One of my least favorite tips to hear one amateur golfer say to another is, “Slow your tempo down.” I have a few issues with this statement. The first is that slowing the tempo won’t give you a perfect golf swing tempo.
The second is that tempo and swing speed are two entirely different things. If you want to understand golf swing tempo, how you can improve it, and the best drills to use, we have you covered.
What is swing tempo?
The swing tempo is not the same as the swing speed. Instead, it is about timing, the time it takes for you to complete a full golf swing. We then use this time to create a ratio of your entire swing, comparing the backswing to the downswing.
For most golfers, it takes about three times as long to take the golf club back as it does to swing through the ball. This swing tempo ratio would be 3:1.
However, golfers are unlikely to consciously consider this 3:1 ratio when playing golf in the real world. Instead, they focus on maintaining a controlled speed, keeping their balance, slowing down their backswing, and accelerating through the ball during the downswing.
When the tempo is off, consistently hitting a golf ball is difficult. Some great golfers, like Masters Champion Jon Rahm, have a fast tempo. Some physical limitations have made his tempo quick. If you compare him to the “big easy” Ernie Els, you can quickly see that both fast and slow tempo work.
Why is good swing tempo important?
The goal of golf is to make solid contact with the ball consistently. A repeatable swing with the proper tempo makes this possible. Golfers with good swing tempo have a smooth and more balanced swing. Each of these things matters when it comes to consistency.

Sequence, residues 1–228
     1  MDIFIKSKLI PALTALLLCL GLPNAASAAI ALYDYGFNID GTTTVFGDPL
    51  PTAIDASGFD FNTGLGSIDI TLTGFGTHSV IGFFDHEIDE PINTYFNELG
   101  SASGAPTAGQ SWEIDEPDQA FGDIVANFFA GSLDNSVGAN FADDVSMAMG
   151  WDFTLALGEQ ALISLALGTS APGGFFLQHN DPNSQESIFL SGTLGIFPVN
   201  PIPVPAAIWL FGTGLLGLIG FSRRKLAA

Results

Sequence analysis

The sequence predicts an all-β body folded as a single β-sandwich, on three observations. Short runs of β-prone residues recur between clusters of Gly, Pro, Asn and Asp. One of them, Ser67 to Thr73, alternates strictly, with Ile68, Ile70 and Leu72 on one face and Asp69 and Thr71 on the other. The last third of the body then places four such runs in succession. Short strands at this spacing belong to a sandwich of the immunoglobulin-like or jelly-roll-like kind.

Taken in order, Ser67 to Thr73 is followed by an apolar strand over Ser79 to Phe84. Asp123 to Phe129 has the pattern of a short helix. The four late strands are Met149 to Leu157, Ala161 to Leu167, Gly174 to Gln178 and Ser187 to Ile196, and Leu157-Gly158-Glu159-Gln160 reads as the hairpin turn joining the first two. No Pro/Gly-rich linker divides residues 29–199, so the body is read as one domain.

One of the most important things for golfers to understand is this 3:1 concept. The 3: 1 allows you to take a little longer on your backswing, incorporate a smooth takeaway and a perfect transition and then go after the ball. At no point during this 3:1 swing tempo are you supposed to slow down your golf swing.
If you ask Sam Snead and Tiger Woods how they feel about slowing the swing, they’ll say it’s unnecessary. The key is to balance that backswing-to-downswing ratio and still go after the ball with plenty of effort.
How do you get a proper swing tempo?
For the average golfer struggling with swing tempo, here are my tops tips to get the swing tempo of a professional golfer after just a few sessions at the driving range:
Take a video of your current swing and get an idea of what your current tempo is
Some golfers spend dozens of practice sessions trying to get the correct tempo by taking a shorter backswing or slowing down the takeaway to impact timing. These are mistakes that are difficult to recover from.
I like to start by taking a video of the swing; you can use Swing analyzer if you have one. If you have a 2:1 instead of a 3:1 in your swing, you will likely struggle with consistency.
Thousands of golfers have found success starting with a loose golf grip, taking the club back a little slower, and then pausing slightly at the top before starting the downswing.
Does the swing tempo change?